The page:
Now, I realize this goes against my earlier declaration of “free content” but if you think about it, sending a $50 video game to one of your writers in compensation for 10 quality articles that would never have existed otherwise is almost theft. Would you write 10 quality articles for $50? Probably not. Honestly, this is more of a token of acknowledgement than an actual, equitable payment for services rendered. Their content will most likely make up for the 50 bucks in the form of links, social shares and fresh, keyword rich content. Don’t get greedy or take your new pen pals for granted!
Almost as important as proper compensation is the simple acknowledgement of your guest poster’s hard work and dedication to the site. Don’t forget your English manners as they are not your employee. Give their twitter account a shout out when you eventually tweet the article URL, create an author’s page with links to your writer’s social accounts, comment on their posts and remind them that they’re a cherished part of the team.
Reaping the Benefits of Multiple Authors - You are no longer alone. Lonely nights of autonomous labor on your blog are a distant memory with your new writing crew at your flanks. One way to maximize the benefit of your new team is by creating a newsgroup or forum specifically dedicated to brainstorming and discussing site-wide issues as they arise. Google Groups is my preferred method but a hidden forum on your site or elsewhere would serve the same purpose. I’ll often pop into my writer’s forum and throw down 10 blog post ideas to have a couple of them inspire actual blog posts. Lack of a solid idea may be the only thing keeping your authors from writing their next piece. As your biggest fans, the people in this forum will be valuable assets for pitching ideas, beta-testing new tools and generating blog post / landing page ideas for you, yourself to take on.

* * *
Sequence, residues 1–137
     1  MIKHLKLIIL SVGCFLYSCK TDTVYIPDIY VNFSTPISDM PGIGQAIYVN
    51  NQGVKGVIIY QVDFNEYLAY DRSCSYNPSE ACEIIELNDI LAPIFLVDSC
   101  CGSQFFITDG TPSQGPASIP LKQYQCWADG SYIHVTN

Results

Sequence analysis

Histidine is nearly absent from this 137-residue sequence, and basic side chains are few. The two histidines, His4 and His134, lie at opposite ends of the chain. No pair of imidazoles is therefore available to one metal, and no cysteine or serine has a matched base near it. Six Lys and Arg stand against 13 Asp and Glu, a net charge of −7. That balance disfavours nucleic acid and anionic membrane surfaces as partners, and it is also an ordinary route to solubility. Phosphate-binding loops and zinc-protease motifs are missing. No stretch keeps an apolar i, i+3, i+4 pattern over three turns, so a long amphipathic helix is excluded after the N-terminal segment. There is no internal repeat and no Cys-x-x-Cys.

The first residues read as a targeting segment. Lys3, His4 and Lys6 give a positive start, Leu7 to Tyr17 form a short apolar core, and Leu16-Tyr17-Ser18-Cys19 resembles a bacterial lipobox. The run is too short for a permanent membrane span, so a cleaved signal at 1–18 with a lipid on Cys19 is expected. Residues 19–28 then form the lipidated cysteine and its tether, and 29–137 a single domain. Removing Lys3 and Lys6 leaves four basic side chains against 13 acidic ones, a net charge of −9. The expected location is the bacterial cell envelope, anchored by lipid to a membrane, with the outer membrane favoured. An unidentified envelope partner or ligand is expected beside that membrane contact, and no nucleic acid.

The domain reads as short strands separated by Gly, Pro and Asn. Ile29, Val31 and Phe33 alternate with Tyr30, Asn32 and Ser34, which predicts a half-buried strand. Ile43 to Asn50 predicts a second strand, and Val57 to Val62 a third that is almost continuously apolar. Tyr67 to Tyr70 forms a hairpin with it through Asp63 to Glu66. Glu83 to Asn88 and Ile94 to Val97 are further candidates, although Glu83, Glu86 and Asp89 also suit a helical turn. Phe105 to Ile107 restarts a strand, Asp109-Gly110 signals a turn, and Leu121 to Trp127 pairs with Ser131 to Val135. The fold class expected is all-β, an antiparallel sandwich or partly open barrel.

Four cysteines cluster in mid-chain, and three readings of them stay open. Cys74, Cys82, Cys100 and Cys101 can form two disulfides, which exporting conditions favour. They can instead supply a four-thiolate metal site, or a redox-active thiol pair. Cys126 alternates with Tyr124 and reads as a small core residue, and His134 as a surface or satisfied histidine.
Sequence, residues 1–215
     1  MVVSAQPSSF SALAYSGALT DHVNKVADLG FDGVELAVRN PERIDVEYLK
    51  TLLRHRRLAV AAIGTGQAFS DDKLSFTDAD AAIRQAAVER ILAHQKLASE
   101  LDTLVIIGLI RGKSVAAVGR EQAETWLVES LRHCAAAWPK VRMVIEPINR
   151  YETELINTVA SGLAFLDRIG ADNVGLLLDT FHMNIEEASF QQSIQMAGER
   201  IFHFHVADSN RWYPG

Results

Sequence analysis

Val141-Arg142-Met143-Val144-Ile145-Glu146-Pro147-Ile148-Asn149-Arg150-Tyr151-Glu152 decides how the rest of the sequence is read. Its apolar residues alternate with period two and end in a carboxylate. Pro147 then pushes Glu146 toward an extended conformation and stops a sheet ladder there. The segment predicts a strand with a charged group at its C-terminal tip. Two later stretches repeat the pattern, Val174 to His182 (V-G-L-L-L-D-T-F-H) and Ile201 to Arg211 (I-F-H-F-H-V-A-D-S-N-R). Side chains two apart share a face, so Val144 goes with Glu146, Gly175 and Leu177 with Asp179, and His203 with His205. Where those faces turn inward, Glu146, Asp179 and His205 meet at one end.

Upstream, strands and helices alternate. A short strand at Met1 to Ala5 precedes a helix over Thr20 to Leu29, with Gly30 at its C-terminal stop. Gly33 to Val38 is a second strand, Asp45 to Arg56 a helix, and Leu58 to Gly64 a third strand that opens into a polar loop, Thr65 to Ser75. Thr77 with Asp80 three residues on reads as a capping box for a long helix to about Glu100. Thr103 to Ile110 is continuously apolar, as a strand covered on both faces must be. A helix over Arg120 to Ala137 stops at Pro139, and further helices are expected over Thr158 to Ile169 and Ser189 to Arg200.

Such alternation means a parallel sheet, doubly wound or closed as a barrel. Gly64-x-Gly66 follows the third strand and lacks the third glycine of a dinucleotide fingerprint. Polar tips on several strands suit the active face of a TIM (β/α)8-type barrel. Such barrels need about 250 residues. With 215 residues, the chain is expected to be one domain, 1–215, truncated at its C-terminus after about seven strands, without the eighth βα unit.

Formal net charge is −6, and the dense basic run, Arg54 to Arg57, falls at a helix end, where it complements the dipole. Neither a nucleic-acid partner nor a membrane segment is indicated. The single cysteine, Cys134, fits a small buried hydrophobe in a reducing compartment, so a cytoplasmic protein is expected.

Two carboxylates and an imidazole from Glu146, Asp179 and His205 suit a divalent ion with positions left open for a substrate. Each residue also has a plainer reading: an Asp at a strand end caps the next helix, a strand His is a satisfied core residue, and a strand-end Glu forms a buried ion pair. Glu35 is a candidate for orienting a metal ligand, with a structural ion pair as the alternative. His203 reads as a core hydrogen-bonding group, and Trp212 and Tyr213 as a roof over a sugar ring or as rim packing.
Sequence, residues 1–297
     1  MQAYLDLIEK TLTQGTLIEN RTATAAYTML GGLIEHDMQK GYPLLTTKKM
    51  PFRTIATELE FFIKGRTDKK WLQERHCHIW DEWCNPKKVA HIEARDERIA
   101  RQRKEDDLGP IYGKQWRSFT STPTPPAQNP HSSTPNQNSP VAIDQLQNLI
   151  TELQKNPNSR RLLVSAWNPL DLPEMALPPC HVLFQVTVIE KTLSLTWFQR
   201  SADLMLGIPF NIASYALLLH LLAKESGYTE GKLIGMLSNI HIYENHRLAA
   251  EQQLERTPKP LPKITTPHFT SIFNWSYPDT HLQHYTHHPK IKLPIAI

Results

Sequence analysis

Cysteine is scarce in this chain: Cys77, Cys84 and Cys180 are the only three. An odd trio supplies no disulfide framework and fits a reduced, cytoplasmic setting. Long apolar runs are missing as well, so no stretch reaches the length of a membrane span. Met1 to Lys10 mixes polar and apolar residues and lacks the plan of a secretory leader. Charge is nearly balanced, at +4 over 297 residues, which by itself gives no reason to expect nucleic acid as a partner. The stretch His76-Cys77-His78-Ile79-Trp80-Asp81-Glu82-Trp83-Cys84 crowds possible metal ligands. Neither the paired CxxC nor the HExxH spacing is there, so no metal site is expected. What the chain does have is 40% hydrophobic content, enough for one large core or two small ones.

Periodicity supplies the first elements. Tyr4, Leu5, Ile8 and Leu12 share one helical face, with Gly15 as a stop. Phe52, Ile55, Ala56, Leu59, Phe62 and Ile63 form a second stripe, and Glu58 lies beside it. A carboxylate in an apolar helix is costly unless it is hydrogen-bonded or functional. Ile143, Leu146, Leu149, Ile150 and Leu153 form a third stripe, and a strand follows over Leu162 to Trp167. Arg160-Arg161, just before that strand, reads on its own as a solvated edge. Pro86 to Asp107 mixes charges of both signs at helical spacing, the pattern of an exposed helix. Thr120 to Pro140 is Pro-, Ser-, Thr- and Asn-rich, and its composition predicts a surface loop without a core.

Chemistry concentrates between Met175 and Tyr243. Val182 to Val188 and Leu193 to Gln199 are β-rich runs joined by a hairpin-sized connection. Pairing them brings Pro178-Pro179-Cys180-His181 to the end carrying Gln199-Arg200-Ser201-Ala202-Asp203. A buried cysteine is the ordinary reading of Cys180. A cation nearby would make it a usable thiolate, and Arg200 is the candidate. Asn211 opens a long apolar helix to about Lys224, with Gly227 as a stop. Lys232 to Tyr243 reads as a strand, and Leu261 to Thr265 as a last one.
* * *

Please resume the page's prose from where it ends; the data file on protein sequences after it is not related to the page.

These days it’s important that all sites have fresh, consistent content added to their indexes on a regular basis since Google now sees these as heavy indicators of site quality. Many of us wear an array of hats including server administrator, head of marketing and web designer so we often don’t have time to give our ‘quality content creator’ hats the love they truly deserve. With a handful of great writers you can lessen that burden and keep the content flowing to give you more time to spend wearing your ‘Scrooge Mcduck‘ hat… or just watching cat videos. I hope you’ve found my experiences helpful and I wish you luck on your quest for great content!
Jacob Klein Webmaster, SEO Consultant at Distilled and Sociable Geek.